M.I.A. takes on the planet's music -- and issues -- on a remarkable album
Careerwise, the recent album M.I.A.'s Kala recalls is Kanye West's Late Registration -- an unexpectedly sure-footed follow-up to a brainy beat-adept's can-you-top-this debut. And though West is the more universal musician, especially as Americans conceive the universe, there are also musical similarities: Both albums challenge sophomore slump by risking pretension. But where West hired classically trained Jon Brion, the Sri Lankan-British rapper spread out and bent down low. Originally she'd hoped to trade the grimy beats of 2005's Arular for the more radio-friendly dirt of Timbaland. That plan fizzled, for two reasons -- not just the feds' refusal to let M.I.A. re-enter the U.S., but her instinctive reluctance to turn into Nelly Furtado once the chance was in her lap.
Plus, though she's polite about it, a sneaking suspicion that maybe Timbo wasn't all that -- that there were edgier beat-makers all over the place. With visa madness blockading her new Brooklyn apartment, she turned world traveler, pulling in multiple Indian musics and encompassing Jamaican dance-hall moves,Indian-Trinidadian multicontinental mash-up, Liberian vibes, a British-Nigerian rapper, Australian aboriginal hip-hop, Baltimore hip-hop, Jonathan Richman, the Clash and a bonus afterthought from Timbaland's solo album. Though she claims this record is more personal and less political than Arular, that's misleading. The political was all too personal on an album obsessed with her long-lost father, a player in Sri Lanka's terrorist-revolutionary Tamil Tigers. Here, that conflict-ridden relationship is behind her. Star access enables a woman who grew up an impoverished refugee to observe the outcomes of similar histories in immigrant and minority communities worldwide. If you don't think that's political, ask your mama -- or hers, who's named Kala.
Arular was about M.I.A. -- her ambition, her education, her contradictions, her history of violence. Kala is about the brown-skinned Other now obsessing Euro-America -- described from the outside by a brown-skinned sympathizer who's an insider for as long as her visa holds up. It opens with the uninvitingly spare "Bamboo Banga," which samples Indian Tamil filmi composer Ilayaraja and bends the lyric of Richman's "Roadrunner" so it celebrates a kid running alongside a Third World tourist's Hummer and banging on its door. "BirdFlu" disses dogging males everywhere -- "selfish little roamers" -- over another filmi sample and a barely synchronized four-four on some thirty deep-toned urmi drums. Also on "BirdFlu," high kiddie/girlie interjections add a cuteness that's sustained pitchwise on "Boyz," with its video of synchronized Kingston rudies shaking their moneymakers for the Interscope dollar. Only with "Jimmy," a Bollywood disco number a kiddie M.I.A. used to dance to for money at Sri Lankan parties, does a conventional song surface.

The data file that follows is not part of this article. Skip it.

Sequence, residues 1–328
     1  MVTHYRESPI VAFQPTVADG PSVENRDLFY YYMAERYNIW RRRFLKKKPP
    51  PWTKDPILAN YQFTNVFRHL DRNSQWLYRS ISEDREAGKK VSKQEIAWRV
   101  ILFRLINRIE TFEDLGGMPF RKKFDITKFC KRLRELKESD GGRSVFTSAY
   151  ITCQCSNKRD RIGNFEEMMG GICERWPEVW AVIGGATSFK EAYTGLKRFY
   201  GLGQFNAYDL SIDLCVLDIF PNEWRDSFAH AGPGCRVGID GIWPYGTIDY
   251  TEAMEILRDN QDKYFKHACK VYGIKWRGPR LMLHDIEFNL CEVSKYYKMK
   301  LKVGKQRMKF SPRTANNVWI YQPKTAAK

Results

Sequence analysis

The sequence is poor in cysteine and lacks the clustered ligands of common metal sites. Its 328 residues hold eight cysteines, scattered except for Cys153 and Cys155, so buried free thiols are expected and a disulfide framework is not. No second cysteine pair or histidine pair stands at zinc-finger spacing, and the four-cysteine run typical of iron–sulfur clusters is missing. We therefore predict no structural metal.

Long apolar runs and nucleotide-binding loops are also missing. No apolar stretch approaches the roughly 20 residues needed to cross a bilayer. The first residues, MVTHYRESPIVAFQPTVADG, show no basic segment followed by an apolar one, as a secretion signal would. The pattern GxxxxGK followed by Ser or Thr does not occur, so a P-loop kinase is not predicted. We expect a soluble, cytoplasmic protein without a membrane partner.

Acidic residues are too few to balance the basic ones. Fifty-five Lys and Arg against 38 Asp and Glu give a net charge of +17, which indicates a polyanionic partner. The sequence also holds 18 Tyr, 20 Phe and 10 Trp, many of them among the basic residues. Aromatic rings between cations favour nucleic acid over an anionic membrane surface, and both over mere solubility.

You've probably gathered that unlike Late Registration, Kala is less pop-friendly than its predecessor. It's heavier, noisier, more jagged. Timbaland might conceivably have found a hit for M.I.A.; London-based "dirty house" producer Switch, credited on eight of twelve tracks, will not. The eclectic world-underclass dance amalgam M.I.A. has constructed is an art music whose concept recalls the Clash as much as anything else -- the aggression of the early Clash and the reach of the late (who she samples). But soon enough, the music does soften and, occasionally, give up a tune. There's melancholy melodica, Sri Lankan temple horn, the eighteen-year-old rapper Afrikanboy describing his hustles, and several child choruses, notably on "Mango Pickle Down River," where preteens rap about bridges and fridges to rhyme with the didge -- didgeridoo -- that provides their groaning bass.
But none of these pleasures comes as easy as the high spirits of M.I.A.'s debut album seemed to promise. And in the end, that's why Kala strikes deep. There's a resolute sarcasm, a weariness and defiant determination, a sense of pleasure carved out of work -- articulated by the lyrics, embodied by the music. A riot of human, musical and mechanical sounds bubbles underneath these tracks. Not a white riot, that's for sure, and not a dangerous one either -- unless you believe every Other wants what you got and has nothing to offer in return. Kala proves what bullshit that is. The danger is all the evil fools who aren't convinced.
Rolling Stone, Aug. 23, 2007